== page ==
Selecta Biosciences Makes Two Major Announcements
Selecta Biosciences, Inc. recently announced that, under the terms of an existing strategic global collaboration, Sanofi has exercised its option to an exclusive license to develop an immunotherapy for the treatment of celiac disease.
In celiac disease patients, the consumption of gluten-containing food induces harmful immune responses that can lead to abdominal pain and, in most severe cases, intestinal cancer. This new immune tolerance program expands activities within the Sanofi-Selecta collaboration, which is already successfully advancing a novel immunotherapy for a life-threatening food allergy. The products resulting from this collaboration will leverage Selecta’s proprietary Synthetic Vaccine Particle (SVP) platform, which has unique capabilities to engineer nanoparticles with the structure and composition to produce immune tolerance by attenuating the overactive response to specific antigens.
“Sanofi and Selecta are working together to push toward the outer barriers of immunotherapy to deliver innovative solutions to patients. This area is constantly evolving, and with partners like Selecta, breakthrough medicines may be within our grasp,” said Kurt Stoeckli, Vice President and Head of Biotherapeutics, Research & Development at Sanofi.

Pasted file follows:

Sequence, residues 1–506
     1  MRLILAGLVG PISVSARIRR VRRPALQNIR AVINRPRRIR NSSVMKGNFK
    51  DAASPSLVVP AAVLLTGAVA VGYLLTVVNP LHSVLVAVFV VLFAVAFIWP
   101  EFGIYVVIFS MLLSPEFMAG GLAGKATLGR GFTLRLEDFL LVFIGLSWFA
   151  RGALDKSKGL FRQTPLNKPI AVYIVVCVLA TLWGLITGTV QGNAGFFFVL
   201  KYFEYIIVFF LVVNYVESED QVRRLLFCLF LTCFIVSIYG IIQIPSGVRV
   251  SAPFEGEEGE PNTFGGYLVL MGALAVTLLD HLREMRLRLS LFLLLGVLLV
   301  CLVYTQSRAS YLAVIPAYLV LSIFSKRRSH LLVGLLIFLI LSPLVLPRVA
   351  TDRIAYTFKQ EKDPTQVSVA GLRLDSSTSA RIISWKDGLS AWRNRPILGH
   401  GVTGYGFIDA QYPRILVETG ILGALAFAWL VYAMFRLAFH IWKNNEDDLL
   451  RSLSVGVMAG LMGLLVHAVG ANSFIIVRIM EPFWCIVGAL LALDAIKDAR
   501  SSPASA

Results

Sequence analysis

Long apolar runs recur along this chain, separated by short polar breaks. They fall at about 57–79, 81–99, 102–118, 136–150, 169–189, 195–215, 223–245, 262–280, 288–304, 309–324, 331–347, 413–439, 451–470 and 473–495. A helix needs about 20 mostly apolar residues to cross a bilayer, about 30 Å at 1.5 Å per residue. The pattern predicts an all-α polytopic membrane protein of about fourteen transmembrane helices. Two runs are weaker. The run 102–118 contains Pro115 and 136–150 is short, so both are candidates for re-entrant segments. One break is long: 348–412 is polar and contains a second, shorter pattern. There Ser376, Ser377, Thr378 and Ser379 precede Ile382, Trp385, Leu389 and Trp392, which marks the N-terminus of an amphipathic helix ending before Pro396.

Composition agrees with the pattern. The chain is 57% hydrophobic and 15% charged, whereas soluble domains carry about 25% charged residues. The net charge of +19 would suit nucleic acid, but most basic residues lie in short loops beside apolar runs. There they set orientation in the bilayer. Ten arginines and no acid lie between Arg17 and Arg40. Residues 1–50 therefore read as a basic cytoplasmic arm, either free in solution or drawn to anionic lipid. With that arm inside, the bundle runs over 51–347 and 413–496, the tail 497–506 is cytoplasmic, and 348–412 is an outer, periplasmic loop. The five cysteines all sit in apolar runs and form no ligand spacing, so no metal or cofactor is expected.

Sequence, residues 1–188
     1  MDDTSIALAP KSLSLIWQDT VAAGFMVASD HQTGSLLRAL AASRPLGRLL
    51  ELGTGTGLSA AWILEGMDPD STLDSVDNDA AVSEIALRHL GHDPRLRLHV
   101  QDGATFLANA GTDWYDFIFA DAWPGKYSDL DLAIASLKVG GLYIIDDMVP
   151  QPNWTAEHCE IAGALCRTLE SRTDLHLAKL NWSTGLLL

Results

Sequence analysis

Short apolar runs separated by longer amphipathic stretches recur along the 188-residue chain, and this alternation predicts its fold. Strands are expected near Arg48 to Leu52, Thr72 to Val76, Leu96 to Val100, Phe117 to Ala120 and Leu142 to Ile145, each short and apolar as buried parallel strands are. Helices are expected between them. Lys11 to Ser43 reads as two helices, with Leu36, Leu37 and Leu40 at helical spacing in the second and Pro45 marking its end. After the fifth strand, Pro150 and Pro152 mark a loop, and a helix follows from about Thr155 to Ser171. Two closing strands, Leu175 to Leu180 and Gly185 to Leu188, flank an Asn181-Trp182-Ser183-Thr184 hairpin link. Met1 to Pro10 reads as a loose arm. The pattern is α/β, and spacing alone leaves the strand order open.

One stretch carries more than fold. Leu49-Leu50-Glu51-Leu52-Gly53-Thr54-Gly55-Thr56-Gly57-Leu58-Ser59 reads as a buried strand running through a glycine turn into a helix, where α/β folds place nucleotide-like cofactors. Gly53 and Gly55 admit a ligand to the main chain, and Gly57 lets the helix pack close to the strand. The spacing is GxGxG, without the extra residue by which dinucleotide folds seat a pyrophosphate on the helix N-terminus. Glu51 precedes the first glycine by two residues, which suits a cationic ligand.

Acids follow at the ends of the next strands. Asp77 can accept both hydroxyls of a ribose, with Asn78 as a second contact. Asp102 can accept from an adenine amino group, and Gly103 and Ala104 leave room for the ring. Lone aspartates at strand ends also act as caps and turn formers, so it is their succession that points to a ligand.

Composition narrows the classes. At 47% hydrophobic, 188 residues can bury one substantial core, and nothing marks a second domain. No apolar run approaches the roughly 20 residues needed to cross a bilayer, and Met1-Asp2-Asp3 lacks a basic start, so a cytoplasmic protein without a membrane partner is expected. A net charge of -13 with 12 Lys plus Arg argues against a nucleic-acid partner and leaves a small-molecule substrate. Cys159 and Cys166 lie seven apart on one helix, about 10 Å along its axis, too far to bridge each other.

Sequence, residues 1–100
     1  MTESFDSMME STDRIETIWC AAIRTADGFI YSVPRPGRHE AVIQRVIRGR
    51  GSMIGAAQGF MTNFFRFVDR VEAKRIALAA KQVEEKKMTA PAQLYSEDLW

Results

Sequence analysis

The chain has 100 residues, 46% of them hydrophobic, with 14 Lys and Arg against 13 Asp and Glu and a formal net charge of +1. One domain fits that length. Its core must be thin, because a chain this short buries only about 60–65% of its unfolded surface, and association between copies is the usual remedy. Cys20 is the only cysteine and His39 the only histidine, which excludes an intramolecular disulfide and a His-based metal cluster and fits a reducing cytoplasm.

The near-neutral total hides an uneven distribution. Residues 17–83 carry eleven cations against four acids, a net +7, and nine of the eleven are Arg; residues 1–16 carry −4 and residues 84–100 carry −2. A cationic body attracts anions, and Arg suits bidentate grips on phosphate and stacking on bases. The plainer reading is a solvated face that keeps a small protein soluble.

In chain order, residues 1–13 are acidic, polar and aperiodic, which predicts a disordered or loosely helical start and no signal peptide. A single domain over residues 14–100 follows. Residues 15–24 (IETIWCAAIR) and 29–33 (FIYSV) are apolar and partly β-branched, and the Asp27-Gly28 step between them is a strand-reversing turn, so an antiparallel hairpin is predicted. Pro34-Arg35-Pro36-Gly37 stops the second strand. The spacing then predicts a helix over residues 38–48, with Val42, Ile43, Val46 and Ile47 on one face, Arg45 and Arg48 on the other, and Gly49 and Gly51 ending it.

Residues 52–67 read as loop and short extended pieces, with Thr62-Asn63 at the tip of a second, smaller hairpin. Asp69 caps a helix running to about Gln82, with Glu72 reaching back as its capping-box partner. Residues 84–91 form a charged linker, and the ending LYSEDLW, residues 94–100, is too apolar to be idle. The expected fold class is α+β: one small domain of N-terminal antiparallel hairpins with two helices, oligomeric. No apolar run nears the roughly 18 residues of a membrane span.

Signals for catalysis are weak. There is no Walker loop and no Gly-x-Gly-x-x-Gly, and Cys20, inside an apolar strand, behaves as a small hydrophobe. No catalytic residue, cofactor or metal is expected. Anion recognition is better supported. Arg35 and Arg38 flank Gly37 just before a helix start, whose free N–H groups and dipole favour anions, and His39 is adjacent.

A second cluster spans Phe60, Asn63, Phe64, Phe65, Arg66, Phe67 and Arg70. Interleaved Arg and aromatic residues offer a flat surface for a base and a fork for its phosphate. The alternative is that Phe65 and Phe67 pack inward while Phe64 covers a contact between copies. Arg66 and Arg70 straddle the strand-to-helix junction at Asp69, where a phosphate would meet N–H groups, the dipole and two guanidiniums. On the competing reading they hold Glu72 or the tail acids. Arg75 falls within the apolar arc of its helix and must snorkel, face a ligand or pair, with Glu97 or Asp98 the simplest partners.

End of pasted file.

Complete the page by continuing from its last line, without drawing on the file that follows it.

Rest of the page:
Under the terms of the collaboration, Selecta is eligible to receive research support and several preclinical, clinical, regulatory, and sales milestones totaling up to $300 million for this new program in celiac disease. Additionally, Selecta is also entitled to up to double-digit tiered royalties as percentage of product net sales for any commercialized immunotherapy resulting from these efforts with Sanofi.
“We are very pleased that Sanofi and Selecta are now collaborating on three programs for immune tolerance,” said Werner Cautreels, PhD, Selecta’s President and CEO. “Both Sanofi and Selecta recognize the tremendous unmet medical needs in addressing the adverse immune responses leading to allergies and autoimmune diseases.”
In November 2012, Selecta announced that they had formed a strategic global collaboration to discover highly targeted, antigen-specific immunotherapies for life-threatening allergies. Under the agreement, Sanofi obtained a first exclusive license to develop an immunotherapy designed to abate acute immune responses against a life-threatening food allergen and an option to develop two additional candidate immunotherapies for allergies and celiac disease. With the exercise of this option by Sanofi, Selecta and Sanofi now have two initiatives actively advancing immune tolerance treatments under the terms of the 2012 agreement. In October 2014, Selecta and JDRF announced another collaboration with Sanofi to research novel antigen-specific immune therapies for Type 1 Diabetes.